(or strictly TEX; pronounced tek: the letters are Greek) A computer typesetting system designed by Donald E. Knuth that aims to produce results as good as “hot metal” setting when using a modern raster-image laser typesetter. Knuth was particularly concerned to produce high-quality setting of mathematical material, but TeX is equally suited to textual material. The system includes many innovative techniques, particularly its algorithm for breaking paragraphs into lines in an optimal manner. The source code for TeX is in the public domain, and as a result it is widely used in academic institutions throughout the world.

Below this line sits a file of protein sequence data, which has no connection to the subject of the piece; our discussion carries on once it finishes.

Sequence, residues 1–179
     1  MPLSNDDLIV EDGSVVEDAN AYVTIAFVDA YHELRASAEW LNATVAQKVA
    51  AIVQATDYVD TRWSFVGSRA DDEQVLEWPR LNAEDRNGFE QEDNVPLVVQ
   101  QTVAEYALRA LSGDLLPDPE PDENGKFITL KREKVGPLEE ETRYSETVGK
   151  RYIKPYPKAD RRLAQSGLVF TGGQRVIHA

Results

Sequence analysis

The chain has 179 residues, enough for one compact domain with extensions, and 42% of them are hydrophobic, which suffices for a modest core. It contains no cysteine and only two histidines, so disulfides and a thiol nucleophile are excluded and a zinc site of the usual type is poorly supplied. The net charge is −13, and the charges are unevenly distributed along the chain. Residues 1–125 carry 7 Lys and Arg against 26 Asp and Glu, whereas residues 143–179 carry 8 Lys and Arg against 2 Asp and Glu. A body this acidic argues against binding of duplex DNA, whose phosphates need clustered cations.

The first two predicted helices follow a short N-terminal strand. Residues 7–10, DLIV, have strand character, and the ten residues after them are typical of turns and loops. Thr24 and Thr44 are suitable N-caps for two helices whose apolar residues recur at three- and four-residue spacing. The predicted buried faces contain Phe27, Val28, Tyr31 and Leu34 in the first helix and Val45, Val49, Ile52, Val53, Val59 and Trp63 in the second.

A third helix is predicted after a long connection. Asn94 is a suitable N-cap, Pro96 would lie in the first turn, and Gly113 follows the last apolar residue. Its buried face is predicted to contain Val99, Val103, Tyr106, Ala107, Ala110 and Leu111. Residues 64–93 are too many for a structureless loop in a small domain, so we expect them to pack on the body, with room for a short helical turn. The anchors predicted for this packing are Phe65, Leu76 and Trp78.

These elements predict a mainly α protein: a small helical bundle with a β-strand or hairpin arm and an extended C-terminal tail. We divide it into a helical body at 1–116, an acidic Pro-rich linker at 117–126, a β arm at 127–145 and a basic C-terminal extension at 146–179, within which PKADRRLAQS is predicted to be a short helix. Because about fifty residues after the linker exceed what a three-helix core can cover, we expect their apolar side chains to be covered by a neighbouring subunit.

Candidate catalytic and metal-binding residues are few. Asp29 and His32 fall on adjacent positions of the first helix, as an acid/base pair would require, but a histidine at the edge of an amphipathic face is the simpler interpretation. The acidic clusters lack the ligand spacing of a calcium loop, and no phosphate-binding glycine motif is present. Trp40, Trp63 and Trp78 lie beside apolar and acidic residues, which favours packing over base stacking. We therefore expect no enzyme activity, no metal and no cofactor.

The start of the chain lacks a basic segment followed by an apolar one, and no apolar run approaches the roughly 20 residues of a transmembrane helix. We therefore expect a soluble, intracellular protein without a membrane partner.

The input language of TeX provides a very low-level control over the placing of marks on the printed page, and it is generally used via an intermediary macro language. The “Plain TeX” macros provided as part of the system are still at quite a low level, and many users employ higher-level packages such as AMS-TeX and LaTeX.
The output from TeX is in a device-independent form, and separate drivers are required to convert this into the appropriate code for a particular printer. While output normally goes to a laser printer or phototypesetter, it is possible to write a driver for a dot-matrix printer operating in graphics mode. Knuth designed a whole new family of typefaces called Computer Modern Roman to go with TeX using his METAFONT system, but these do not reproduce well at low resolutions; many users therefore prefer to use PostScript fonts, using a conversion program to translate the device-independent output from TeX into PostScript or PDF code.